You tell me. But not all the crowd estimates are off by large percentages because the police are nefarious and controlled by the Dark Side. It's because counting the crowd is no simple task.

UPDATE: A commenter left this link to another discussion of the crowd numbers. It goes into great detail on the area that the crowd occupied and concludes:

就算一平方公尺以 4 人計算,新公園內的也不算、信義路與仁愛路上頭的也都不算。也不必以一平方 6人來高估。至少也都有 13 萬人了。
真不知官方的 4 萬多人是怎麼算的。

We calculate the one square meter contains 4 people, and we don't count the New Park, Hsinyi Rd, Aiguo Rd. We don't need to use the highest figure of 6 people per square meter. There were at least 130,000 people there.
I really don't know how the authorities arrived at a figure of 40,000.
That's similar to the number I arrived at. 50,000 with me, a like number in the other group, and 30-40K already present when I arrived. Then I factored in all the people in the park and elsewhere. Nevertheless, 130K is a nice conservative figure.

Saturday, August 30, 2008

Aug 30 Rally blows away expectations

I just got back from the Aug 30th rally marking Ma Ying-jeou's first 100 days as President, where I walked with thousands of Taiwanese dissatisfied with the direction of the nation.

First, the media distortion. The Green media is reporting as many as 300,000, though some are reporting a more reasonable 150,000. The pan-Blue media hilariously is reporting 40,000. On this planet, there were 150,000 or so (more on that later).

Let's put that in perspective: the DPP thought 100,000 might turn out, if things went well, I didn't expect more than 20,000.

We got 150,000.

150,000 raucous, energized, Taiwan-loving, I'm-mad-as-hell-and-I-won't-take-it-anymore, economically suffering, politically marginalized, ornery, sweaty, crowded, salt-of-the-earth Taiwanese with the power of righteousness like a lightning strike in every line and crack of their sun-baked faces. They were trading names and butting heads. They were rowdy. They were screaming and yelling and singing and shouting and the walls of Jericho would have melted before them like sea-foam in sunlight. They were the people of Taiwan.

Folks, I got religion. I went to the election rallies in January and in March, and felt like they were going through the motions. I didn't get religion; I returned home empty and afraid. I went today and I was with people who believed. Who spent the hours saying Ma Ying-jeou's name like a swear word. Who made sardonic jokes and jogged each other in the ribs and shoved each other out of the way. Who left Chen Shui-bian behind and looked to the present and especially, the future. Who hadn't given up on Taiwan even though the mighty in their halls of power had given up on them, repeatedly.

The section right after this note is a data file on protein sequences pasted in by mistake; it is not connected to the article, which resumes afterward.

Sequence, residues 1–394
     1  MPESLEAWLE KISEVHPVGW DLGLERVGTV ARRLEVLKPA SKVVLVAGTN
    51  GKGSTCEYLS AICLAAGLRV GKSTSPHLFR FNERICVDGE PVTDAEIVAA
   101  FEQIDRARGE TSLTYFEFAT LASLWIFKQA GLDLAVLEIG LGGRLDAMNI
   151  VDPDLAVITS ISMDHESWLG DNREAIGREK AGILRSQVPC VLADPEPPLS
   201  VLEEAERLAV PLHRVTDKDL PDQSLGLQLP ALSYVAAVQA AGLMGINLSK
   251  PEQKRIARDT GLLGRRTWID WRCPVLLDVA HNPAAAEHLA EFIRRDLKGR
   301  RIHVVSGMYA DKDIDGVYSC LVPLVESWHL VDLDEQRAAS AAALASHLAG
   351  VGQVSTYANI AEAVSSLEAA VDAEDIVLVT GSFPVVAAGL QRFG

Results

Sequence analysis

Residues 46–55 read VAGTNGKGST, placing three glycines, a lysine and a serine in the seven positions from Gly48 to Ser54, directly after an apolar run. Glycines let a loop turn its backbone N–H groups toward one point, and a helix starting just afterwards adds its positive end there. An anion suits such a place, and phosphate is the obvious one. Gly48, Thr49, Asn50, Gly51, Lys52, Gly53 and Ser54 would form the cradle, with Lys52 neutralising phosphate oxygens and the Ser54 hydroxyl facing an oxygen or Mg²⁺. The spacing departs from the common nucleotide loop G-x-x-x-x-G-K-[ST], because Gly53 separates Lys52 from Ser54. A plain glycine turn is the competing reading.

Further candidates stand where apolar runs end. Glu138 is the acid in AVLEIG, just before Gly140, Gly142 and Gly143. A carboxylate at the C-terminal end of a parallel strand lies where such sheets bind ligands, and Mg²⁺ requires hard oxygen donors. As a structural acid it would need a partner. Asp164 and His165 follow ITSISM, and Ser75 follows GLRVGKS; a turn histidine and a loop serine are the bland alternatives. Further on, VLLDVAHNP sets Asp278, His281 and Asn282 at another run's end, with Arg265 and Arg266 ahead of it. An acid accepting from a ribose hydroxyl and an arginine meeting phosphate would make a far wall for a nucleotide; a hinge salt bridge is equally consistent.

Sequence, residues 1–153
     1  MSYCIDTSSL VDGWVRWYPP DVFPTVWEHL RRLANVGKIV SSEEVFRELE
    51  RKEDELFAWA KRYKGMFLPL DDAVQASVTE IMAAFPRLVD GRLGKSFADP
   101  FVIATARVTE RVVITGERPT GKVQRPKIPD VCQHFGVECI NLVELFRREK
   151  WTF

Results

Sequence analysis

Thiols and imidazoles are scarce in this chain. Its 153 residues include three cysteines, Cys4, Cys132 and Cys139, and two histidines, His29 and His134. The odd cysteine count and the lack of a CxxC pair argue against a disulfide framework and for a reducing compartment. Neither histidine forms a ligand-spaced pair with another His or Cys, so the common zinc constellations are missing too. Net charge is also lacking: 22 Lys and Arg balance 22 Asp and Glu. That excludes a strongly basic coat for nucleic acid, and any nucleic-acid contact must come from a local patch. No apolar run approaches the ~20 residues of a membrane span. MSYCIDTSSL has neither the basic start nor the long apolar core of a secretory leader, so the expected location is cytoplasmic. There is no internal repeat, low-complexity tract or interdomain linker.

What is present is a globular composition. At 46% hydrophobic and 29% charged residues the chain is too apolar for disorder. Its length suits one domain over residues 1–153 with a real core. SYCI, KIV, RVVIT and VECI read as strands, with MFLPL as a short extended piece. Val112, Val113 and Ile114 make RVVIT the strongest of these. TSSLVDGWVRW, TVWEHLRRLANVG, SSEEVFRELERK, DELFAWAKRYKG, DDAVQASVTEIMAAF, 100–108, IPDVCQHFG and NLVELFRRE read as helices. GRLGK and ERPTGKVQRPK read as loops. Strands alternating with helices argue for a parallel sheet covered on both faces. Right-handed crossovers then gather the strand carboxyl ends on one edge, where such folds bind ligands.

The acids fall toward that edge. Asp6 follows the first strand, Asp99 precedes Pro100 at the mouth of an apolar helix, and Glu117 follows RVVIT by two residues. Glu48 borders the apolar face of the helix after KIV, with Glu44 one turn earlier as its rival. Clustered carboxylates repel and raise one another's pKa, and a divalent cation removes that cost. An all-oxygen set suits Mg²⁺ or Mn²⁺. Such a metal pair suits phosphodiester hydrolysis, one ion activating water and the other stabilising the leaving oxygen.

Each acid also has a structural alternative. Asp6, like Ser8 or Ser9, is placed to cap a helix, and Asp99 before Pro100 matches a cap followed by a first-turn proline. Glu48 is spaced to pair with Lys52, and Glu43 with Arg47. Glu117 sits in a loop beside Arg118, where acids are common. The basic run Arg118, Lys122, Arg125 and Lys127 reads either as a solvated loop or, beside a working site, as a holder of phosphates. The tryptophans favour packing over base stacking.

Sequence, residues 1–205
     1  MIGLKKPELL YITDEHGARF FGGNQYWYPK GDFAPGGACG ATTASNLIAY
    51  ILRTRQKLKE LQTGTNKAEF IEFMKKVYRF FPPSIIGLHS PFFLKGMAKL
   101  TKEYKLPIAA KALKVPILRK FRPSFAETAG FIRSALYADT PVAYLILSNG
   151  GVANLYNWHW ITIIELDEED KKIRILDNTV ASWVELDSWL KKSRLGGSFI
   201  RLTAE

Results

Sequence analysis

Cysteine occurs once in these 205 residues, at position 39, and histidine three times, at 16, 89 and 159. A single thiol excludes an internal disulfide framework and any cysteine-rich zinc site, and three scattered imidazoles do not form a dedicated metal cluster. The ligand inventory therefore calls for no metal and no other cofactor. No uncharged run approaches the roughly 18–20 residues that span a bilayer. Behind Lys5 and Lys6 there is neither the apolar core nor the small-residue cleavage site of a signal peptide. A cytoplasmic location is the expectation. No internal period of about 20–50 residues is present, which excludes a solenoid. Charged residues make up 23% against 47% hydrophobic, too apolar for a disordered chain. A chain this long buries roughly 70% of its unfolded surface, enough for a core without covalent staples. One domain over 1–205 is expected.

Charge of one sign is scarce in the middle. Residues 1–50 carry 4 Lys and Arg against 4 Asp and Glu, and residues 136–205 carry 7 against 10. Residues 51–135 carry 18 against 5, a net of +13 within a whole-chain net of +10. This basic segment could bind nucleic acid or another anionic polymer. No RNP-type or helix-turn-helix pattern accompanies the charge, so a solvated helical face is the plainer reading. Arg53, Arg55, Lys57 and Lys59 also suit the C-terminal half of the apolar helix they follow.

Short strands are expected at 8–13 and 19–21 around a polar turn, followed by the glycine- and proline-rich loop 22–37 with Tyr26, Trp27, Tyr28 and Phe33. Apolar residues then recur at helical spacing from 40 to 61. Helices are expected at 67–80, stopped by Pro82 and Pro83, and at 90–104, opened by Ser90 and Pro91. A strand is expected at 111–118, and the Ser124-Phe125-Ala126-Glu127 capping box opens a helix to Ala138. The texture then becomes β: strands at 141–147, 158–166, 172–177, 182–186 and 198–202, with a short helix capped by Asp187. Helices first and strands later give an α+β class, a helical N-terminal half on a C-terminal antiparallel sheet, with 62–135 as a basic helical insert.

Awesome. They are the future of Taiwan. Maybe they will acquiesce to the coming sell out, sullen, inarticulate, and impotent. But maybe they will rise and smash the pillars of the mighty with a grunt and a heave like Samson at his last banquet.

Enough preaching already. On to the pics!

The first hint that today was going to explode my pessimistic expectations was in the metro. We got there early but it was already packed.

It was obvious as we walked out of the metro into the light what today was going to be like.

An absolute sea of people.

Banners everywhere.

Lots of parents with children.

And the Taiwan media was there, children without parents.

My children, citizens of Taiwan, were there too.

The crowds lined all the nearby streets and filled the temple and the metro area.

We tried to find paraphenalia but it had all been given away or sold. I got the last hat from one of the vendors in the crowd.

Sound trucks everywhere.

The crowd lines up to march.

Hoping for a better future?

One of the banner carriers.

Always a bright Taiwan smile for visitors.

Exhorting the crowd.

Pretty faces with welcoming smiles.

At last we got moving. The sea of banners contained numerous economic complaints, an important advance. The DPP has never focused on economic issues like this.

A vendor watches the crowd.

Ok, so not everyone had a welcoming smile.

The crowd filled the street. I carefully sectioned it off based on what I learned in the TVBS protest last year, counted, then extrapolated. I got off to side where I could see the crowd stretching back and ahead for several blocks. I figure at least 50,000 people must have been in the actual march with me in that area.